Referenced by
Citing PatentFiling datePublication dateApplicantTitle
US6900192Oct 5, 2001May 31, 2005Xenoport, Inc.Bile-acid conjugates for providing sustained systemic concentrations of drugs
US6984634Oct 9, 2001Jan 10, 2006Xenoport, Inc.For prophylaxis and therapy
US6992076Oct 5, 2001Jan 31, 2006Xenoport, Inc.Providing sustained systemic concentrations of therapeutic or prophylactic agents such as gamma-aminobutyric acid derivatives following oral adiminstration to animals
US7049305Feb 9, 2005May 23, 2006Xenoport, Inc.Bile-acid conjugates providing for sustained systemic concentration of drugs
US7053076Aug 28, 2002May 30, 2006Xenoport, Inc.Bile-acid derived compounds for enhancing oral absorption and systemic bioavailability of drugs
US7144877Oct 5, 2001Dec 5, 2006Xenoport, Inc.Bile-acid derived compounds for enhancing oral absorption and systemic bioavailability of drugs
US7153930Jul 28, 2000Dec 26, 2006James Duncan MorrisonPeptide transport
US7598235Sep 6, 2005Oct 6, 2009Xenoport, Inc.Gonane ring substituted with hydroxy group and alkylamide derivatives used for achieving sustained systemic concentrations of therapeutic or prophylactic GABA(gamma-aminobutyric acid)analogs following administration to animals
US7601706Mar 24, 2006Oct 13, 2009Xenoport, Inc.Bile-acid conjugates providing for sustained systemic concentration of drugs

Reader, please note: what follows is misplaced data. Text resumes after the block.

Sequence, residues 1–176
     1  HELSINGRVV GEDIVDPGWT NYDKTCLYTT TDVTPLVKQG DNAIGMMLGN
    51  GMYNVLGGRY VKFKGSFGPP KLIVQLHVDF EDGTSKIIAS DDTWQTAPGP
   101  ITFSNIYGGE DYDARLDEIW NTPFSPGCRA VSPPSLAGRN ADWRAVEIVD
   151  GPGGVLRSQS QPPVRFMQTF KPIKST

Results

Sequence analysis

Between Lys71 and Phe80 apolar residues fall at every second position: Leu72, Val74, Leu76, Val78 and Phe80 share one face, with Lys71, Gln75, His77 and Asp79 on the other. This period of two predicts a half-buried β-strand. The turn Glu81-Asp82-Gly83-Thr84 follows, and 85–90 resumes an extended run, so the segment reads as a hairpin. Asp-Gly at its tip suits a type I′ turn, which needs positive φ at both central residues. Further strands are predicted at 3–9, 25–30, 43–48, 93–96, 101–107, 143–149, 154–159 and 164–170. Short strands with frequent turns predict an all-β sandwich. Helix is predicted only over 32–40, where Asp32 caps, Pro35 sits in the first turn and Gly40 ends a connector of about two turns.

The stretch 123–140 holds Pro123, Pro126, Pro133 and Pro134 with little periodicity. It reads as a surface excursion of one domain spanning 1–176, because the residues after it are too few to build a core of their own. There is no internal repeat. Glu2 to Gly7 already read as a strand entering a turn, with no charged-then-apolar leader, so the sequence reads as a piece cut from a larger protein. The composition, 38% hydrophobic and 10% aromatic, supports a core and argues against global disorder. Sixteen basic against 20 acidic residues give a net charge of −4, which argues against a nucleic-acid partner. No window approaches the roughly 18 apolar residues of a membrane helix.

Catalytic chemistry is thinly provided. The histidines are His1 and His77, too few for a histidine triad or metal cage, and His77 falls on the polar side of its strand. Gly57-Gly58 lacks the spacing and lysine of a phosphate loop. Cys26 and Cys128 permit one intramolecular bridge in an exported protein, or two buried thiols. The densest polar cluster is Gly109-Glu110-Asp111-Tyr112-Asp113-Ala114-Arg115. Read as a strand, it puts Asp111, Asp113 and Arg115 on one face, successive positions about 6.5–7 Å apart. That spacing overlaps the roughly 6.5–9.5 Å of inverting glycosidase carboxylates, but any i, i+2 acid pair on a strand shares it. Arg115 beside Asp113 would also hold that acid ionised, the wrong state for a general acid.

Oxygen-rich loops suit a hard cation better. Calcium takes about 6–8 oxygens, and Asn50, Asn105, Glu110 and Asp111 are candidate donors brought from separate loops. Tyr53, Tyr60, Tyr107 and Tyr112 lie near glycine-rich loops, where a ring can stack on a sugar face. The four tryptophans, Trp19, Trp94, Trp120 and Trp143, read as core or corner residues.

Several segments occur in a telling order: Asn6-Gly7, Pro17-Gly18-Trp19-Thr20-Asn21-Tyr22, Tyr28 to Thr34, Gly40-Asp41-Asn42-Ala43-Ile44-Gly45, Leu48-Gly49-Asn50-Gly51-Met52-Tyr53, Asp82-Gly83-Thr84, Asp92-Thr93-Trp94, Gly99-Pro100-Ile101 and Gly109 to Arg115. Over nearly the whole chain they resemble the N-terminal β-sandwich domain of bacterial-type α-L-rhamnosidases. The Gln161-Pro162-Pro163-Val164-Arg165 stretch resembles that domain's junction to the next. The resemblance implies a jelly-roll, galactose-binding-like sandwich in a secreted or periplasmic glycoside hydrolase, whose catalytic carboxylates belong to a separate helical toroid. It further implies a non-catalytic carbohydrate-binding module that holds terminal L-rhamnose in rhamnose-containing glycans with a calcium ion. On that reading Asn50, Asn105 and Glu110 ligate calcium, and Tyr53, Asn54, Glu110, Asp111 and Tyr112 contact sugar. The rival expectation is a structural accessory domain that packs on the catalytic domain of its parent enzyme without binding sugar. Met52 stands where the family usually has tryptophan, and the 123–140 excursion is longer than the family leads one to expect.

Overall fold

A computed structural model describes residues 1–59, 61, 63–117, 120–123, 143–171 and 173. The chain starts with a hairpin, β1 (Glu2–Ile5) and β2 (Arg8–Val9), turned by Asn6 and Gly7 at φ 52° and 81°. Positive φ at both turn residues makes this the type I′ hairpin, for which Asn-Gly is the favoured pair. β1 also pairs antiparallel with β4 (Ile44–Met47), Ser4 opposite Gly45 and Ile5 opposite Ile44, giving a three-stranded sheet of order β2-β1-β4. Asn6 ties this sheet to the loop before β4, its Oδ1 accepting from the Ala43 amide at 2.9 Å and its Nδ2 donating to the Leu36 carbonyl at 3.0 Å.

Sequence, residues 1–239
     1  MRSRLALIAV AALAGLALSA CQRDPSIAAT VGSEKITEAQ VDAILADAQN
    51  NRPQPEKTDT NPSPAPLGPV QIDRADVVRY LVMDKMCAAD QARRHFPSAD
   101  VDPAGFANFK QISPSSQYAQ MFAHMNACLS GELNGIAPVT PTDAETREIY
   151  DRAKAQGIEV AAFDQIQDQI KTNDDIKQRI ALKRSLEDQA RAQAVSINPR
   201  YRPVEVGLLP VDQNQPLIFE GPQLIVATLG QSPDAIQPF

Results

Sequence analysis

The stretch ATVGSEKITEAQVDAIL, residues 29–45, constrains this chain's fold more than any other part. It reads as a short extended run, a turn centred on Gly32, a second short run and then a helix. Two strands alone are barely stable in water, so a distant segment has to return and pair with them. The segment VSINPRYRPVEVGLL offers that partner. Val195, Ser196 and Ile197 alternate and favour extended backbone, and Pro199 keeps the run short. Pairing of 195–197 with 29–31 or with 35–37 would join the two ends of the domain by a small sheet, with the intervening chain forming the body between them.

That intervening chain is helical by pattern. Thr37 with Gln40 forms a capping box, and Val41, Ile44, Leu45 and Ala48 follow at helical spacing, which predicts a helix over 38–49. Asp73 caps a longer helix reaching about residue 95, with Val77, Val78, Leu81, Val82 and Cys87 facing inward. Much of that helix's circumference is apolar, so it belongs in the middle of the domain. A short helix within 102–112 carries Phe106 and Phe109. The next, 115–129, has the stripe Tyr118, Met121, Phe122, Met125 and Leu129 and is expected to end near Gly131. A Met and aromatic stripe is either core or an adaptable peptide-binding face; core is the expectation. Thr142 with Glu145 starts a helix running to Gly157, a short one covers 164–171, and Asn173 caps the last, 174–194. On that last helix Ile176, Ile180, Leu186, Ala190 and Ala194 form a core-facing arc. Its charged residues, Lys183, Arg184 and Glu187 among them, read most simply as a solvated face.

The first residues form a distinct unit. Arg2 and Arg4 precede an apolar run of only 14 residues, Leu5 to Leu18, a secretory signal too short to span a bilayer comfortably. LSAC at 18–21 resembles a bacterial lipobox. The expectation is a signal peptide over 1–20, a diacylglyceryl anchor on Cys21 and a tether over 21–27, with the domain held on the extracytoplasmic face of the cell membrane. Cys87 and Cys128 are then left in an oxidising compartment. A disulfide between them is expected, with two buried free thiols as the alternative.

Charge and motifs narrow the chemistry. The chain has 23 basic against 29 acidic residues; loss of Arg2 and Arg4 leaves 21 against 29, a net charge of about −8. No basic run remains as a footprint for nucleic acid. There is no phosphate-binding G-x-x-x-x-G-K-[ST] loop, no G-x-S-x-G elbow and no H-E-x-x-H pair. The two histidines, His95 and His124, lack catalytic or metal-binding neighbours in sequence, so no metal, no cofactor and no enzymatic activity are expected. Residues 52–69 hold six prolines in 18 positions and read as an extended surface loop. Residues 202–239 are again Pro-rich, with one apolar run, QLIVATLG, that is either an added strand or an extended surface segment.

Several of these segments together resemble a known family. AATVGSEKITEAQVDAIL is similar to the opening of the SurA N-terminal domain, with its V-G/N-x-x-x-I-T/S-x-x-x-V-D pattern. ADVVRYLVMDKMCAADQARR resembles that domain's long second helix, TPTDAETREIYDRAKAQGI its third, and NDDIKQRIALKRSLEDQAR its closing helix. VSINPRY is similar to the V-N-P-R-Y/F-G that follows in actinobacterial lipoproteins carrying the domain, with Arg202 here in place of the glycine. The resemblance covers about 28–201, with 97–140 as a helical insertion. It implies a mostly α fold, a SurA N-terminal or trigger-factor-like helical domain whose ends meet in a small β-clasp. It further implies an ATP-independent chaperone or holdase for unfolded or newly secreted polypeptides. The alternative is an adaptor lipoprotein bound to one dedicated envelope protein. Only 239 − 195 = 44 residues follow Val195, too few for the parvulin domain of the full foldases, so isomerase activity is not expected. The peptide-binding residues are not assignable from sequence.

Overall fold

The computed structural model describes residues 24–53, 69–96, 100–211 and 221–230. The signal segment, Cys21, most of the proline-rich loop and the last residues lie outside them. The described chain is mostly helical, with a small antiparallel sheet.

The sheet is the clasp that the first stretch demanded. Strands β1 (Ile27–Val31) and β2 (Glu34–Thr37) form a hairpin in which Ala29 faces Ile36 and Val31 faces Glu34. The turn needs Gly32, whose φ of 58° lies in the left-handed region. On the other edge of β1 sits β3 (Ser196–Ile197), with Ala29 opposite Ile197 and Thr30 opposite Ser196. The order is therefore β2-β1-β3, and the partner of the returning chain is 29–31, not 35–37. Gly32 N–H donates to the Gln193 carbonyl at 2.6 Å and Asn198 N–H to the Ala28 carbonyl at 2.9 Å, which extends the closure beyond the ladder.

US7601708Jul 19, 2005Oct 13, 2009Xenoport, Inc.Providing sustained systemic concentrations of therapeutic or prophylactic agents such as gamma-aminobutyric acid derivatives following oral adiminstration to animals
US7678782Jul 11, 2006Mar 16, 2010Xenoport, Inc.Bile-acid derived compounds for enhancing oral absorption and systemic bioavailability of drugs
US7727976Sep 26, 2005Jun 1, 2010Xenoport, Inc.achieving prolonged therapeutic or prophylactic blood concentrations of a drug or active metabolite ; transportating through intestine walls
US7989417Dec 24, 2003Aug 2, 2011Bracco Imaging S.P.A.Linkers for radiopharmaceutical compounds
US8513192Jan 22, 2010Aug 20, 2013Novo Nordisk A/SStable growth hormone compounds resistant to proteolytic degradation
EP1583564A2 *Dec 24, 2003Oct 12, 2005Bracco Imaging, S.P.A.Improved linkers for pharmaceutical compounds
Classifications
U.S. Classification540/5, 540/106, 540/107, 552/550, 540/120, 540/113
International ClassificationA61P1/16, C07K5/062, A61P43/00, C07D213/81, C07D213/56, A61P3/06, A61K38/00, A61K31/58, C07K5/06, A61K31/575, C07J51/00, C07J9/00, C07D213/26, C07J41/00, C07J43/00, C07J31/00, C07J17/00
Cooperative ClassificationC07J41/0011, C07J31/006, C07D213/56, C07J41/0061, C07J41/0055, C07K5/06026, C07J9/005, C07J51/00, C07J41/0027, A61K38/00, C07J43/003, C07J17/00, C07J41/0088, C07D213/81, C07D213/26
European ClassificationC07J51/00, C07D213/56, C07D213/81, C07K5/06A1A, C07J17/00, C07J41/00B1, C07J9/00B, C07J31/00C, C07J43/00B, C07D213/26, C07J41/00C8A, C07J41/00C60, C07J41/00C8, C07J41/00B4
Legal Events
DateCodeEventDescription
Dec 11, 2008FPAYFee payment
Year of fee payment: 12
Dec 2, 2004FPAYFee payment
Year of fee payment: 8
Dec 13, 2000FPAYFee payment
Year of fee payment: 4
Nov 3, 1998CCCertificate of correction